TNT THEATRE presents
William Shakespeare’s

Touring Beijing, Guangzhou, Chongqing and Haikou    


Hamlet is perhaps the most fascinating play ever written. It is also a complex and sometimes frustrating mix of different traditions, beliefs and source material. Prince Hamlet’s own problems are those of the audience:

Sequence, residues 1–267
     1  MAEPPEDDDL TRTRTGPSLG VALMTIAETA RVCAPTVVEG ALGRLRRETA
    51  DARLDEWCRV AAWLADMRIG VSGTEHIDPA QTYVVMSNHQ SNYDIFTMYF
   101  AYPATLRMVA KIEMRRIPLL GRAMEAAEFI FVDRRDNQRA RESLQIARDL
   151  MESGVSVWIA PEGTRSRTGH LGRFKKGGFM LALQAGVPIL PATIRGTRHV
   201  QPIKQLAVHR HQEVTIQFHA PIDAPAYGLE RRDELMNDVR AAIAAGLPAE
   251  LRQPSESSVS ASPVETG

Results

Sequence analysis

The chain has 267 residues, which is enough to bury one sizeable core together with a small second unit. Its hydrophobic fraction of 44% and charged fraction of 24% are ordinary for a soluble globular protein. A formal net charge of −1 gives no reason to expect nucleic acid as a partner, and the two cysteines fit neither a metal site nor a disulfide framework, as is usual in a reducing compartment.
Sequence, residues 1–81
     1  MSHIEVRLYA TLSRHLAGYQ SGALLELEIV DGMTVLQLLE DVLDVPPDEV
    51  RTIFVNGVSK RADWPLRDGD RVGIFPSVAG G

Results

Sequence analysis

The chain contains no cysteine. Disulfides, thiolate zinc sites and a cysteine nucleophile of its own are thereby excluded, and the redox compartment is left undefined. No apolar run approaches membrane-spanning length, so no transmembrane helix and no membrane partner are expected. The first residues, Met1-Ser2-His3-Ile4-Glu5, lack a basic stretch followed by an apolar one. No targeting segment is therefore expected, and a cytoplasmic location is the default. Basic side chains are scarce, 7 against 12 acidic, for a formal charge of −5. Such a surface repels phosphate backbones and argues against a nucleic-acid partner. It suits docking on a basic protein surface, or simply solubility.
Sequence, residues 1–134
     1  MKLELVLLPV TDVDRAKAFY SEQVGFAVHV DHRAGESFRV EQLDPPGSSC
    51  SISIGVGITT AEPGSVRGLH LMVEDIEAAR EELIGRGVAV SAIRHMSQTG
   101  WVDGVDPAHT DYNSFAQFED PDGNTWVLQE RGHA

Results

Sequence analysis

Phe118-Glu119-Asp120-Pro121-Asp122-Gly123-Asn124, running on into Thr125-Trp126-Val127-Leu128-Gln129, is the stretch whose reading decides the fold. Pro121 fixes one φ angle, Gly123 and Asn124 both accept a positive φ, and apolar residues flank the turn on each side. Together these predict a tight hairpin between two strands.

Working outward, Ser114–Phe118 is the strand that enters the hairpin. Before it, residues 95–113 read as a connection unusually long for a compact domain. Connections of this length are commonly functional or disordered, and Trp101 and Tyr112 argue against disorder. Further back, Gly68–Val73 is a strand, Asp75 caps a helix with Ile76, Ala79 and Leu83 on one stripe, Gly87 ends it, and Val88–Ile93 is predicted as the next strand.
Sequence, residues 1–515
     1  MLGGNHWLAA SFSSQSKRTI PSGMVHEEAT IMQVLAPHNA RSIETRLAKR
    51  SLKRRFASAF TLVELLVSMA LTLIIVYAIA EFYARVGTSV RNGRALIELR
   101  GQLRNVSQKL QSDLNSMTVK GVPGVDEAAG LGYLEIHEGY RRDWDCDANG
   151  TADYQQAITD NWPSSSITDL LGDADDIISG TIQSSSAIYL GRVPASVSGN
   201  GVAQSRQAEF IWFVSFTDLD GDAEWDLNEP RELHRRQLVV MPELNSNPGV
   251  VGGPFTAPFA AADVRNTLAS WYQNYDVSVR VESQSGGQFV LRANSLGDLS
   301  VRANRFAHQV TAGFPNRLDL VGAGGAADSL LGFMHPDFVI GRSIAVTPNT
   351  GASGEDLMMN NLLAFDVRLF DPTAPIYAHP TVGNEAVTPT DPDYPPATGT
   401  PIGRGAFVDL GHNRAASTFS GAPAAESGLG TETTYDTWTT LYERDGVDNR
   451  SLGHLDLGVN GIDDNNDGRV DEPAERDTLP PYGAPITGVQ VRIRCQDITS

Hamlet is the tragedy of a man who could not make up his mind. Our production will challenge this traditional idea and try to demonstrate that the confusions in the play Hamlet are the confusions in the Prince’s mind. Shakespeare is a dramatic poet not a realist nor a Romantic. He is concerned with powerful dramatic effect. We do not see the Prince as being a man flawed by indecision, but a man paralysed by a moral problem. It is surely not a tragic weakness that Hamlet refuses to kill Claudius at his prayers if we go along with Shakespeare and accept that Claudius would be forgiven if he goes to the final Judgement saying his prayers. But the act of prayer reminds Hamlet that murder is wrong, even in revenge. Hamlet’s madness is both an act and a way of confronting the “rotten” state of Denmark with the truth. Hamlet is clear in his pursuit of truth, the play is a wonderful detective story, and he hopes that the truth will lead him to an answer to his moral question. His tragedy is not so much his own failure to act, but the essential human tragedy of Death itself. Death is the ultimate truth and as Hamlet goes deeper he constantly ends up confronting the death of those he loved or himself. Perhaps Hamlet succeeds so well in the theatre because its central metaphor is the paradox of performance: it is the Player’s performance that unmasks Claudius, it is Hamlet’s feigned madness that allows him to speak the truth and it is the whole play itself that holds a mirror up to our troubled human consciousness as it tries to make sense of morality and death.